Hourly workers Ford Motor Co., General Motors Co. and Chrysler Group have earned a pay increase and it will be one of the key demands the United Auto Workers puts on the table when contract talks open next summer.
“A general wage increase is important to our members and to our nation,” said UAW President Dennis Williams, who took over the UAW presidency in June from Bob King, during a year-end meeting with reporters at UAW headquarters in Detroit.
Williams also noted the expectations for a pay increase are rising among the union’s membership, Williams said. “The companies are profitable again and there is expectation there. In 2008 and 2009 we had a disaster. We made sacrifices,” he said.
The union certainly wants to help keep all three companies competitive. But wages are not the only element of competitiveness in the auto industry, Williams added. “But it’s time for our membership to have a reward. I knew when I took this job this was going to be difficult job,” said Williams, who noted the executives at all three companies have been handsomely rewarded as sales rebounded during the past four years.
“I think all of the ‘Big Three’ understand my position. I have laid it out loud clear,” Williams added. The pay gap between workers and executives in manufacturing has grown steadily since he first joined the UAW in the early 1970s. In the 1970s, top executives made roughly 42 times workers did. Today they make 360 times what workers. The gap should start to narrow again, he said.
Excluding stock options, compensation for senior executives in the auto industry now run from $10 million to $20 million per year.
“Yes they are going to hear about it every day. If they want to be competitive, they have to start there,” said Williams, who also said an increase in starting pay and eliminating two tier wages are also key issues, Williams said.
Profit sharing, which has added roughly $4 per hour to wage of both first- and second-tier workers, is very beneficial, but is no substitute for an increase in hourly wages at this point, Williams said. Workers on the first tier at GM, Ford and Chrysler make $16 per hour while workers with long seniority make $29 per hour. The profit sharing formulas also should be adjusted to account for the impact of recalls and other related problems.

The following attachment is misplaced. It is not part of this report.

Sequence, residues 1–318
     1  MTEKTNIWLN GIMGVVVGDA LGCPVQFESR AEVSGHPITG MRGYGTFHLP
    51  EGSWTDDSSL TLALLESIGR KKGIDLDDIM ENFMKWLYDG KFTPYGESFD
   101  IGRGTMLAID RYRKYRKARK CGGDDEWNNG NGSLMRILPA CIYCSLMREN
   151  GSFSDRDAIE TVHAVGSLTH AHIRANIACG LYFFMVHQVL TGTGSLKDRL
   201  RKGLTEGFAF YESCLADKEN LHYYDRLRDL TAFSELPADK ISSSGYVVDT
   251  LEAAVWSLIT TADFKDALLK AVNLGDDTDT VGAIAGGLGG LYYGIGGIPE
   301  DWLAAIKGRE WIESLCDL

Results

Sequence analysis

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Earlier this year, Chrysler Chief Executive Sergio Marchionne suggested that the time had come to eliminate the two-tier wage system. Executives at GM and Ford haven’t endorsed Marchionne’s idea but they have indicated they want to preserve the smaller wage for entry-level wage now that is part of the current union contracts.
In addition, the second-tier wages, which have been extremely unpopular with union members, are not acceptable at this point, added Williams, who said he favors raising the minimum wage in the U.S. to $15 per hour.
Studies showing that more than 600,000 manufacturing workers in the U.S. are paid, on average, $9.60 per hour should unacceptable considering the value of the products they produce.
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Williams, unlike some of predecessors, was careful to make no threats about potential for a work stoppage or other kinds of disruptions during next year’s contract talks with the domestic carmakers.
“I never go into negotiations preparing for a strike. Striking is a huge sacrifice to our members. Strike and you have to be prepared for the worst. The strike fund is being rebuilt but that’s not who we are. Ninety-eight percent are settled without a dispute. Striking is a failure on both parties part and we don’t plan on failing,” he told reporters.
The UAW president, however, also made it plain that he expects next year’s contract talks in the auto industry to be significant in a post-recession era where the real wages of American workers have shrunk. American society needs a strong middle class. But to have a strong middle class to have a strong system of collective bargaining, Williams said.
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Unfortunately the labor laws are stacked against workers in the U.S. now, added Williams, who observed that the wider use of temporary and contract workers has been used to reduce the wages throughout the economy.
“It’s one of the reasons why people are people are being left out while the economy grows,” said Williams. “The way the labor law is set up, it’s impossible to organize (temporary workers). The ability to exploit these workers is holding back our economy.”